Here’s a simple view of the housing market over the last couple of years.
This is what has happened to sales (demand):
While this is what has happened to inventory (supply):
And, following the laws of supply and demand, this is what has happened to prices:
Pretty simple, really.
The current market repeats the situation seen all year: inventory (supply) remains tight at the lower end while there is plenty of supply at higher prices. Thus, in addition to the overall market numbers shown in my last post I am also showing the breakdown by price in the 17 North Shore cities and towns I follow.
As always, I can provide details of any individual city or town on request.
The tables below shows sales for the Last 12 Months (LTM), Pending Sales (Under Agreement and Contingent offers), and the number Available for sale.
First, Single Family Homes (SFHs):
It is generally accepted that a market is in equilibrium between buyers and sellers when there is 6 months’ supply, which means the number of houses for sale equals the number that has sold in a 6 month period.
At the beginning of July the inventory of Single Family Homes (SFHs) in the 17 North Shore cities and towns I follow represented just 4 months of supply, a figure that has crept up a little since the 3 months at the beginning of April. This is not surprising as spring and early summer sees the largest number of homes being listed for sale.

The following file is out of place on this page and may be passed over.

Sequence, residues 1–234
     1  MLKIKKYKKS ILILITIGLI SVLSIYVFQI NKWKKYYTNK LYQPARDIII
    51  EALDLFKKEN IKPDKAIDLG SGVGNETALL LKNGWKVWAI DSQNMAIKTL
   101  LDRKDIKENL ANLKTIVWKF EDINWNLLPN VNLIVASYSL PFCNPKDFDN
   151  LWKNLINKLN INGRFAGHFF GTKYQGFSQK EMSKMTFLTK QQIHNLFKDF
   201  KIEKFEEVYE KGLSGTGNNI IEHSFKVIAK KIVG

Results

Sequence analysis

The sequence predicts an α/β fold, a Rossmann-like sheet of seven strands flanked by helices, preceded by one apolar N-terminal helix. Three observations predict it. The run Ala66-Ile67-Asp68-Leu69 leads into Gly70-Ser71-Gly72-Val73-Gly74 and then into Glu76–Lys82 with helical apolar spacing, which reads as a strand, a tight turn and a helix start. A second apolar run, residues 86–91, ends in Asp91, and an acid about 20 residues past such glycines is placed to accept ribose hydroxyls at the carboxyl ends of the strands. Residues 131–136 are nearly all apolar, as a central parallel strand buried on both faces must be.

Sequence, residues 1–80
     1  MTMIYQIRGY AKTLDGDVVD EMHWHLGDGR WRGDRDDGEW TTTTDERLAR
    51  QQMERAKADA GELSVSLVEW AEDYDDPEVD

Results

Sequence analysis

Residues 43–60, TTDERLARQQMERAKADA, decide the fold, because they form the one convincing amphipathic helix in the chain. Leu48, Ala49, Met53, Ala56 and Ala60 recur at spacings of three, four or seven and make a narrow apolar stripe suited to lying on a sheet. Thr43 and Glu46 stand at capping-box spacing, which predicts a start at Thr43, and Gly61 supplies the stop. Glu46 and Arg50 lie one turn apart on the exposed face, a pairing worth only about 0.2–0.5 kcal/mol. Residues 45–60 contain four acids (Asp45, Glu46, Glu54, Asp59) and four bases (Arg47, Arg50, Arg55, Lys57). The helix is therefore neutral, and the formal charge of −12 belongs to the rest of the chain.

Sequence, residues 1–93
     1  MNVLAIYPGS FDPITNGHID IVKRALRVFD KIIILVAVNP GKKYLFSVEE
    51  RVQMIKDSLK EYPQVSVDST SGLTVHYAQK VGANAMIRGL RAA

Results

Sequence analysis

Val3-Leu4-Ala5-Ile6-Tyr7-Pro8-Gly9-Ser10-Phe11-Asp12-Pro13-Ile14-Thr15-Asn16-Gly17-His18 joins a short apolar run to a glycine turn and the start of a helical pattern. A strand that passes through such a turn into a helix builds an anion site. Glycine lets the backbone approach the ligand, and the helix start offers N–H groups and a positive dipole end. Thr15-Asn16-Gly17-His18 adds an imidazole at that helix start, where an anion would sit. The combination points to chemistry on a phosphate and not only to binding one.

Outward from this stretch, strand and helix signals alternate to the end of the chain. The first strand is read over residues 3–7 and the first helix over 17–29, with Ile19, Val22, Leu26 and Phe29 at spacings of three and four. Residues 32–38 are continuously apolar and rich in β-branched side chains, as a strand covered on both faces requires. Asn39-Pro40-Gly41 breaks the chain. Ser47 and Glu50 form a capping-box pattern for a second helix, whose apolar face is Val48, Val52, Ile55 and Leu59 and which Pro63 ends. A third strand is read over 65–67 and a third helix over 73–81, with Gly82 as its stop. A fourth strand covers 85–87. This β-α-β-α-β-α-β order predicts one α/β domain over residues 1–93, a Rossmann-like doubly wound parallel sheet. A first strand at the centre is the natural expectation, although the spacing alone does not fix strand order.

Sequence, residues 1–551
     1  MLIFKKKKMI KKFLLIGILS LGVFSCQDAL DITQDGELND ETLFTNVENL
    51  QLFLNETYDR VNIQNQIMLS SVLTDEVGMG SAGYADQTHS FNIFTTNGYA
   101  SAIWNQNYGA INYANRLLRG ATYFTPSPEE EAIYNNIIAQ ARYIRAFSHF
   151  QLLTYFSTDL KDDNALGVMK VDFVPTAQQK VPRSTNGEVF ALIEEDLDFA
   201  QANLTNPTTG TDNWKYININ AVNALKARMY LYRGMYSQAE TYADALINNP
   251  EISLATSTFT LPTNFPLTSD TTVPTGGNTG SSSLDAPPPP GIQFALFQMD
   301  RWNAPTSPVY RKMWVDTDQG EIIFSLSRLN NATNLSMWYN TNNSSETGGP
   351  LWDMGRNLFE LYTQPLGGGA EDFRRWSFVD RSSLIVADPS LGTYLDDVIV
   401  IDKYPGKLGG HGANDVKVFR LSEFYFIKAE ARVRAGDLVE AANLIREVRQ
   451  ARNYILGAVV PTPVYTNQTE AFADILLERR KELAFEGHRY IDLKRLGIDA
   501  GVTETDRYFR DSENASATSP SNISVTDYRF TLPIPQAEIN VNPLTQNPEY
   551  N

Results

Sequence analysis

Within the overall figure of 4 months’ supply there is a wide variation, with under 3 months in Beverly, Georgetown, Peabody and Salem; and over 7 months in Boxford, Ipswich, Middleton and Nahant.
Remember that these numbers are for the total market, while we know that the supply situation is much tighter at the lower end than at the upper end where there is a glut of property for sale. In my next post I will show the breakdown by different price levels but here are the raw numbers
First, SFHs over the last 4 months:
Here are the detailed numbers for each town:
And now for condos, first the totals:
And now the detail: